moonbeast
Contributor
Contributor

Setting Port Group permissions with PowerCLI

Jump to solution

Hi,

I am writing a script that creates a resource pool, adds a security group to it's permissions, and then creates 2 Port Groups on each host in the DataCenter, sets their VLANiD's and then adds a security group to the Port Group permissions. I have managed to get as far as creating the Port Groups I just can't seem to get it to add the security group to the Port Group permissions. I have managed to get it to work with the resource pool.

I was wondering if anyone knew how to add an AD security group to port group permissions using PowerClI?

Thanks

0 Kudos
1 Solution

Accepted Solutions
LucD
Leadership
Leadership

The New-VIPermission cmdlet doesn't handle the newer entities, like network.

That means you will have to fall back on the SDK method SetEntityPermissions.

$esxName = <hostname>
$pgName = <portgroupname>
$user = <AD account>                  # Ex "TEST\luc"
$role = <rolename>                        # Ex "Admin"
$group = $false
$propagate = $false

$authMgr = Get-View (Get-View ServiceInstance).Content.authorizationManager
$perm = New-Object VMware.Vim.Permission
$perm.Principal = $user
$perm.roleId = ($authMgr.RoleList | where{$_.Name -eq $role}).RoleId
$perm.group = $group
$perm.propagate = $propagate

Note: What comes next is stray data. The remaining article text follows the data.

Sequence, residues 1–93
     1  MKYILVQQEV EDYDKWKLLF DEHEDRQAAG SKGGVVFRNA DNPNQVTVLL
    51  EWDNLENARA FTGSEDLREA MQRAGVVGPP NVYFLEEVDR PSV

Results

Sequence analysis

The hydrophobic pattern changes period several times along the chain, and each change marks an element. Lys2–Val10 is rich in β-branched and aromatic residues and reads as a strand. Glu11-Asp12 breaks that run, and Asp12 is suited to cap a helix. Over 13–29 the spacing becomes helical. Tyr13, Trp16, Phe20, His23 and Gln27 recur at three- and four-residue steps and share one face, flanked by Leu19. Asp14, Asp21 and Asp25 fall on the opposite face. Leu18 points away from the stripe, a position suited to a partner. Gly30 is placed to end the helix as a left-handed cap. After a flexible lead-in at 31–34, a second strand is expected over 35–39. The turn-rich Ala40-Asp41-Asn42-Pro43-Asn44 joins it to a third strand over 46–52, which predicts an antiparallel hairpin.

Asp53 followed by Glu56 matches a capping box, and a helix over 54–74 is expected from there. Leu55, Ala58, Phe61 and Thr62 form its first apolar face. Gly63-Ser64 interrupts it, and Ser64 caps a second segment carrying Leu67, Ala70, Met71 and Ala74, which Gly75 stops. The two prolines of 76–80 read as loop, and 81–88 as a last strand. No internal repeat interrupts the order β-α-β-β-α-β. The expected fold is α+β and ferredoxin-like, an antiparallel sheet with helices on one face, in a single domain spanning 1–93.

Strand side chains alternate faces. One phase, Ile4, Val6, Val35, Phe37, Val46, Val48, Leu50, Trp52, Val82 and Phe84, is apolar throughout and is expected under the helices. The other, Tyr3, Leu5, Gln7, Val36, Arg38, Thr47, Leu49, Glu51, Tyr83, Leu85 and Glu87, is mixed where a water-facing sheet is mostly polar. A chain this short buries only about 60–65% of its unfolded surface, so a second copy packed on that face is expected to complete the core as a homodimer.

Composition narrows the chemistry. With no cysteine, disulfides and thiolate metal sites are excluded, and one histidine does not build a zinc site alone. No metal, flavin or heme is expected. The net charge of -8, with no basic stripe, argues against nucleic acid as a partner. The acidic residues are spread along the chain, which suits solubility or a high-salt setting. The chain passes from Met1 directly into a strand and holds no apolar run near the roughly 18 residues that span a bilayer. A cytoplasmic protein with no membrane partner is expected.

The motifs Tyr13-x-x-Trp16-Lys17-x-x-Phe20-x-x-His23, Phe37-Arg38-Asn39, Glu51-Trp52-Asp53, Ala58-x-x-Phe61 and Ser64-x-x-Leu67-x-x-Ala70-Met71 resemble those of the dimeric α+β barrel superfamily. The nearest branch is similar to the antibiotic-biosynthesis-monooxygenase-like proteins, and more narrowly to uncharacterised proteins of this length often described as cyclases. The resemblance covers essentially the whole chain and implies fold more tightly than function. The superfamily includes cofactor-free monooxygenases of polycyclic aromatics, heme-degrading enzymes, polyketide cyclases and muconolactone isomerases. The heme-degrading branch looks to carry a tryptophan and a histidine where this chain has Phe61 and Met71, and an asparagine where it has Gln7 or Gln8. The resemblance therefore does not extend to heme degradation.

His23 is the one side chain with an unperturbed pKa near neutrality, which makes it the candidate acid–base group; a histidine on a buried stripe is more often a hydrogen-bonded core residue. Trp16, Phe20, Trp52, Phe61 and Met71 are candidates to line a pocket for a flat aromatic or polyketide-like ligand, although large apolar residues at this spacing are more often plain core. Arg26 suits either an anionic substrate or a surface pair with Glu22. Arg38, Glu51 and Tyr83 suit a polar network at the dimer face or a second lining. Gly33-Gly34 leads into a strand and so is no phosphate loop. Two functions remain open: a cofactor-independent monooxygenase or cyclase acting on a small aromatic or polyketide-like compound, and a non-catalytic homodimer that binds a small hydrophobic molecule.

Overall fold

$esx = Get-VMHost -Name $esxName
$esx.ExtensionData.Network | %{
	$net = Get-View $_
	if($net.Name -eq $pgName){
		$authMgr.SetEntityPermissions($_,$perm)
	}
}

____________

Blog: LucD notes

Twitter: lucd22


Blog: lucd.info  Twitter: @LucD22  Co-author PowerCLI Reference

View solution in original post

0 Kudos
4 Replies
LucD
Leadership
Leadership

The New-VIPermission cmdlet doesn't handle the newer entities, like network.

That means you will have to fall back on the SDK method SetEntityPermissions.

$esxName = <hostname>
$pgName = <portgroupname>
$user = <AD account>                  # Ex "TEST\luc"
$role = <rolename>                        # Ex "Admin"
$group = $false
$propagate = $false

$authMgr = Get-View (Get-View ServiceInstance).Content.authorizationManager
$perm = New-Object VMware.Vim.Permission
$perm.Principal = $user
$perm.roleId = ($authMgr.RoleList | where{$_.Name -eq $role}).RoleId
$perm.group = $group
$perm.propagate = $propagate

$esx = Get-VMHost -Name $esxName
$esx.ExtensionData.Network | %{
	$net = Get-View $_
	if($net.Name -eq $pgName){
		$authMgr.SetEntityPermissions($_,$perm)
	}
}

____________

Blog: LucD notes

Twitter: lucd22


Blog: lucd.info  Twitter: @LucD22  Co-author PowerCLI Reference

View solution in original post

0 Kudos
moonbeast
Contributor
Contributor

Thanks for the reply LucD,

Please excuse me as I am pretty much a noob when it comes to this.

Can those commands be called from PowerCLI? Ideally I am going to make it into a function and run it in a loop for each esxi host.

0 Kudos
LucD
Leadership
Leadership

Yes, this is regular PowerCLI code.

The script just uses some features, like the Extensiondata property and the Get-View cmdlet, to get at the underlying vSphere objects.

You can easily turn this into a function.

Change the assignments at the beginning of the script into function parameters and the rest of the script can stay as-is.

Let me know if you encounter any problems with turning this into a function.

____________

Blog: LucD notes

Twitter: lucd22


Blog: lucd.info  Twitter: @LucD22  Co-author PowerCLI Reference

0 Kudos
sastre
Enthusiast
Enthusiast

As usual LucD, you are a genius Smiley Happy

Thank you.

0 Kudos